5 Things You Can Start Doing Now To Increase Your FICO Score

Almost 40% of Americans have no idea about their FICO score.

That’s not a surprising number, given the fact that most schools don’t even teach about credit.  

This three-digit score ranging between 300-850 carries a lot of weight in your financial world. Think of it as a reflection of your financial discipline when it comes to paying back borrowed money. It determines your eligibility for a loan or a credit card, and the interest rates you will be charged.

Remember that your score keeps changing as you make credit payments and take on new debt. Hence, it is important to practice good behavior. Below are a few things you should start doing now to make sure your FICO score is headed north!

Prioritize on-time payments

This is a no-brainer. Late payment on things like loans, mortgages, and credit cards can hurt your FICO score. Furthermore, it stays on your report for up to 7 years. The best way to avoid this is to set up automatic payments within each credit account. Even if you can’t pay off in full, make sure to clear the minimum payment regularly to keep your account in good shape.  

Keep your credit utilization rate below 30%

You can’t expect the lenders to be your ally when your credit limit is $1000, and your card balance is $500. Your credit utilization makes up 30% of your FICO score, and you should always try to keep your due amount below 30% of the credit limit. The lower it goes, the better the chances of boosting your creditworthiness. Another way to do it is by requesting an increase in credit limit.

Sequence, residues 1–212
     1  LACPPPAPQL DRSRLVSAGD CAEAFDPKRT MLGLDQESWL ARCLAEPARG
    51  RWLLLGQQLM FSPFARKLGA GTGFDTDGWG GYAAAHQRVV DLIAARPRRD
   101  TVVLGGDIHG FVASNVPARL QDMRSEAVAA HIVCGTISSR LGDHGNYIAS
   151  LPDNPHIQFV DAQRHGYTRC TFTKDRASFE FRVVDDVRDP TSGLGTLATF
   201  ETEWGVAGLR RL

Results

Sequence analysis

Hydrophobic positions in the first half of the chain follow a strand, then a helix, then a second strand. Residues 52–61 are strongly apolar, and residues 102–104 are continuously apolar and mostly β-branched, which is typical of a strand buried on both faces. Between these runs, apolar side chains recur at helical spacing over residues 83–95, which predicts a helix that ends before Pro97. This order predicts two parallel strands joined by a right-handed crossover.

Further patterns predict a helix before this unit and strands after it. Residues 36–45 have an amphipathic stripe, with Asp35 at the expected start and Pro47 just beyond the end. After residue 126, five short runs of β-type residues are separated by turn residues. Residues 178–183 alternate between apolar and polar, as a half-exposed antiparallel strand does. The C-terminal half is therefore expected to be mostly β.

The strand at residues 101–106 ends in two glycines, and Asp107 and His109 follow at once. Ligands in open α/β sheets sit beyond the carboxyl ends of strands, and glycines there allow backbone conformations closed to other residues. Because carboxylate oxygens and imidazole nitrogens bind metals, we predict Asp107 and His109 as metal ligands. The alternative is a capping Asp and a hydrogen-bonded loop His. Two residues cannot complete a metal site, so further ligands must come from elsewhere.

Avoid taking too many loans or credit cards

Opening a new line of credit can boost your FICO score if you manage your debt responsibly. However, it can sometimes backfire when you overdo it. Every time you apply for a loan or a credit card, the creditor will conduct a hard inquiry, which will be highlighted on your report. This has an impact on your credit score. It’s better to focus on your existing accounts and build your credit mix over time, rather than piling it up.

Review your credit report

Trying to improve your FICO score without reviewing the credit report is like going into uncharted territory. Credit bureaus can sometimes make mistakes in updating your records. You should take advantage of the free reports that you receive, and spot any errors that may be affecting your score. In case you find one, raise a dispute and get it resolved.


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